Right-wing Israelis had no desire to give the Palestinians any concessions, and did not want any agreements with the PLO, which they considered a “terrorist organisation”. Israeli settlers also feared it would lead to their eviction from the illegal settlements in the occupied territories.
Elements of the far-right were so opposed to the Oslo Accords that Rabin himself was assassinated in 1995 for signing them. Among the people who had threatened Rabin before his death was Itamar Ben-Gvir, now Israel’s National Security Minister.
Meanwhile, Palestinian groups, including Hamas and Islamic Jihad, warned that a two-state solution would forgo the right of Palestinian refugees to return to the historic lands seized from them in 1948 when Israel was created.
The late prominent Palestinian literary critic and activist Edward Said was among its most vocal critics, calling it “an instrument of Palestinian surrender, a Palestinian Versailles”.
Israelis take part in a rally in 2015 commemorating the 20th anniversary of the assassination of Rabin (File: Baz Ratner/Reuters)
How did the accords break down?
The Oslo Accords witnessed a slow decline, with Israel continuing its occupation of Palestinian land and refusing to withdraw militarily from the majority of the West Bank while continuing to conduct raids into land considered under the full administration of the PA.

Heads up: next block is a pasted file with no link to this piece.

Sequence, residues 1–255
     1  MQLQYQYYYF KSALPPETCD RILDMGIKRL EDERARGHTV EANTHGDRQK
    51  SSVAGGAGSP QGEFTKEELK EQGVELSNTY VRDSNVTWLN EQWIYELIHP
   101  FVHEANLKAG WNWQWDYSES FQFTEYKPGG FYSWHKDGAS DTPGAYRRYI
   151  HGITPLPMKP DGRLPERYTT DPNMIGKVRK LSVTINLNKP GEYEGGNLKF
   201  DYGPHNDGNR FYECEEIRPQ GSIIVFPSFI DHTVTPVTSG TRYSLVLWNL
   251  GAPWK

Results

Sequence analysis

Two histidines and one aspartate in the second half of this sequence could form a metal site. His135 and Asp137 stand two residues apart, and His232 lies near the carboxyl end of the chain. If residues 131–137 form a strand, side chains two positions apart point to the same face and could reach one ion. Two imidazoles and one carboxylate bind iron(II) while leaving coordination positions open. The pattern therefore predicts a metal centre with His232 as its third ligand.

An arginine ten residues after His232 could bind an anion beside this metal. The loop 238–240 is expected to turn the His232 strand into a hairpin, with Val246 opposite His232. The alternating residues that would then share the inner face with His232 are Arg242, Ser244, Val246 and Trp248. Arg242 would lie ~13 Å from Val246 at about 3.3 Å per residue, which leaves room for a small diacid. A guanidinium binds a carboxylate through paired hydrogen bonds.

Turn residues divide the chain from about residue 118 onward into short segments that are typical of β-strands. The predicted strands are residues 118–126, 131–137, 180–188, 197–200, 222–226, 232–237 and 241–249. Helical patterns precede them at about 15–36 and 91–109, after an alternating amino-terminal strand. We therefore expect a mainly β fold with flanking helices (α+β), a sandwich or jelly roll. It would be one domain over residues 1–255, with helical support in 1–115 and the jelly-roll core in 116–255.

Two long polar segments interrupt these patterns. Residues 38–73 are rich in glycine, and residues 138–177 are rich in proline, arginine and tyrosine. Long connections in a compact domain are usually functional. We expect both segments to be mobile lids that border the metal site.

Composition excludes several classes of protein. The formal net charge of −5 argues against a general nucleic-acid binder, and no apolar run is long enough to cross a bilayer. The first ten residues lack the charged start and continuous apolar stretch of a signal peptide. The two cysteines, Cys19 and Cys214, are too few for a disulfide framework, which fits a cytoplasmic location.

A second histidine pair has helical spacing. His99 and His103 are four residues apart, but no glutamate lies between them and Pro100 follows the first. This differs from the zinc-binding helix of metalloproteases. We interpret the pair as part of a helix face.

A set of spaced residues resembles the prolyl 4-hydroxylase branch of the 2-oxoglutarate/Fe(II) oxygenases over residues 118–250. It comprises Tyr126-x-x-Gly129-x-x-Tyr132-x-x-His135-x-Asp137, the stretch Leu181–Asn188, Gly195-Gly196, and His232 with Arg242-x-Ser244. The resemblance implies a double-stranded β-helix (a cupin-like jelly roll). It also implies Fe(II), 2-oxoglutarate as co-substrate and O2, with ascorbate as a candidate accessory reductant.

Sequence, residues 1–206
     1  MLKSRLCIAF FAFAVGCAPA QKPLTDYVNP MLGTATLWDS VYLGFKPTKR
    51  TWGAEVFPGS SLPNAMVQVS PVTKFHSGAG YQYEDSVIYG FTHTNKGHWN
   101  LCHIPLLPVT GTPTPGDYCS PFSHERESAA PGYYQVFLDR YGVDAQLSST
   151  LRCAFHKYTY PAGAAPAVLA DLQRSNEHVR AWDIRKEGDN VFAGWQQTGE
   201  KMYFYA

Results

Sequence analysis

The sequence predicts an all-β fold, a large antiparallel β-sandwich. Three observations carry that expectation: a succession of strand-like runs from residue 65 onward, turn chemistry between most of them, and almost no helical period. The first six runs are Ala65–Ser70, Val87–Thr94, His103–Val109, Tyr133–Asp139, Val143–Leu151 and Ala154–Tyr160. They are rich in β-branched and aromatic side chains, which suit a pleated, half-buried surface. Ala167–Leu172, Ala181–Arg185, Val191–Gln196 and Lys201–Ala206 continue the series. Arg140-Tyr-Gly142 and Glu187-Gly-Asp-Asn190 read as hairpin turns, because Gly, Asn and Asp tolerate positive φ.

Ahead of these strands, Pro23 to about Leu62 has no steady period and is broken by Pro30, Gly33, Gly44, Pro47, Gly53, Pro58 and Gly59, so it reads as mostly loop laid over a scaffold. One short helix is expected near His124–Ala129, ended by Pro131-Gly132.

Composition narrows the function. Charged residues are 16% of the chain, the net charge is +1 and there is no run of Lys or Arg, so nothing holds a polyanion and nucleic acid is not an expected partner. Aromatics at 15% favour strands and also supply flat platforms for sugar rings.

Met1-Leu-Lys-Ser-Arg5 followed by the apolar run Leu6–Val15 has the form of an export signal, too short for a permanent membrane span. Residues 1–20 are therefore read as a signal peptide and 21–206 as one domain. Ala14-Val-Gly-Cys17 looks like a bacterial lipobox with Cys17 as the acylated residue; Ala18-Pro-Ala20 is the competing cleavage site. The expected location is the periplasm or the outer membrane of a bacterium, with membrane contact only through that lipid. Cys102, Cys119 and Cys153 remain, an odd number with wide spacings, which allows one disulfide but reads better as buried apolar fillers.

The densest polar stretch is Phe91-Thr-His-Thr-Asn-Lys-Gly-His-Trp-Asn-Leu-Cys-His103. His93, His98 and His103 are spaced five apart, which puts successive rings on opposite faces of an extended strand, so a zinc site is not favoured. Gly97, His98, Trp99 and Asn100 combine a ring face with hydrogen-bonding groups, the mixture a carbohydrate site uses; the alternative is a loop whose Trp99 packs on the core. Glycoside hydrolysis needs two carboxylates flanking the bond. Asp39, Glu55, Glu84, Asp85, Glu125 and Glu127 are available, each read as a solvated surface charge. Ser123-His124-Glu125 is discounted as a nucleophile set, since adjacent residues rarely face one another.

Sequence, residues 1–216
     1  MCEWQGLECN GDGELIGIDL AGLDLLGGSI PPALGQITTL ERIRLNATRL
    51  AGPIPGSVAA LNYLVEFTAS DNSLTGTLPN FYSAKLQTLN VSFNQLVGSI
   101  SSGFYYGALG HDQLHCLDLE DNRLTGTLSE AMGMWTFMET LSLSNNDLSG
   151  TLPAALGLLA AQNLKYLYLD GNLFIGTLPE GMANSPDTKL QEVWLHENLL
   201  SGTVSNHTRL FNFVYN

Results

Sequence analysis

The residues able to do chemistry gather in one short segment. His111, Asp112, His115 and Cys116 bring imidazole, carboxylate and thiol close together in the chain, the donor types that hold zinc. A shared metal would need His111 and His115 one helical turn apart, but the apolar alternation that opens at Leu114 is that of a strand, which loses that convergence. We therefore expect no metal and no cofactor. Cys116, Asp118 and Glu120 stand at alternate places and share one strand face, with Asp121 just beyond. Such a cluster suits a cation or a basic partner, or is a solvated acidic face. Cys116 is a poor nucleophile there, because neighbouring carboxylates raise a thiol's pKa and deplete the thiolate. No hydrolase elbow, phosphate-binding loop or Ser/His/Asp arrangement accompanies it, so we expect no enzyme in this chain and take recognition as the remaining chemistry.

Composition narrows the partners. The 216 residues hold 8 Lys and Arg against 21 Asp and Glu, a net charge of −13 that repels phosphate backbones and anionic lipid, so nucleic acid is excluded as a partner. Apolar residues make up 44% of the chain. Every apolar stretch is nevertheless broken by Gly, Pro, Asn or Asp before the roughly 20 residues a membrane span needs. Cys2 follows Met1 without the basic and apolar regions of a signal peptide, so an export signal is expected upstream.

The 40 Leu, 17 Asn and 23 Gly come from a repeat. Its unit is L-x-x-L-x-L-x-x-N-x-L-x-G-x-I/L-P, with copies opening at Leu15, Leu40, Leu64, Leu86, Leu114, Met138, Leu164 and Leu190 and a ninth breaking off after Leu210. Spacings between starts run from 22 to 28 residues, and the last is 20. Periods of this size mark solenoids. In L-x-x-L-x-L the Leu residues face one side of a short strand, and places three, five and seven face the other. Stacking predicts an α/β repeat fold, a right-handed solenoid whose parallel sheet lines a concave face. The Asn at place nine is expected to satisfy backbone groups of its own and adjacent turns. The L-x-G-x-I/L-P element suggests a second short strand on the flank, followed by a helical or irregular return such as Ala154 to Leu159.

Following Rabin’s death, a number of Israeli leaders who opposed the accords came to power, among them current Israeli Prime Minister Benjamin Netanyahu as well as Ariel Sharon.
A second intifada from 2000 to 2005 in turn led to heavy casualties, particularly on the Palestinian side, and made both sides less willing to agree to move the deal along.
Any attempt at restarting talks failed in the decade after, and the accords’ interim clauses have become the status quo.
How are the accords viewed now?
Many Palestinians believe that Israel has used the Oslo Accords to justify its expansion of illegal settlements in the West Bank.
In fact, as the Oslo Accords slowly broke down, Israel tripled its settlement building. Between 1993 and 2000, the Israeli population in the West Bank reached its fastest pace of growth ever, according to Dror Etkes, an Israeli peace campaigner.
Today, the Israeli government is dominated by far-right religious and ultranationalist politicians who have close ties to the settlement movement. In recent months, they have approved thousands of new homes in settlements in the occupied West Bank.
In fact, according to the left-wing Israeli movement Peace Now, Israel this year set a record for its settlement approvals, with at least 12,855 settler housing units approved since January.
Thirty years on, Palestinian statehood is unlikely in the short and even medium term, as final-status negotiations between Palestinian and Israeli leaders have continuously failed.
The West Bank lies fragmented, the blockaded Gaza Strip stands isolated in what many call an “open-air prison”, and Israel has no plans to relinquish occupied East Jerusalem.
Many people, in both Israel and Palestine, believe the two-state solution is dead.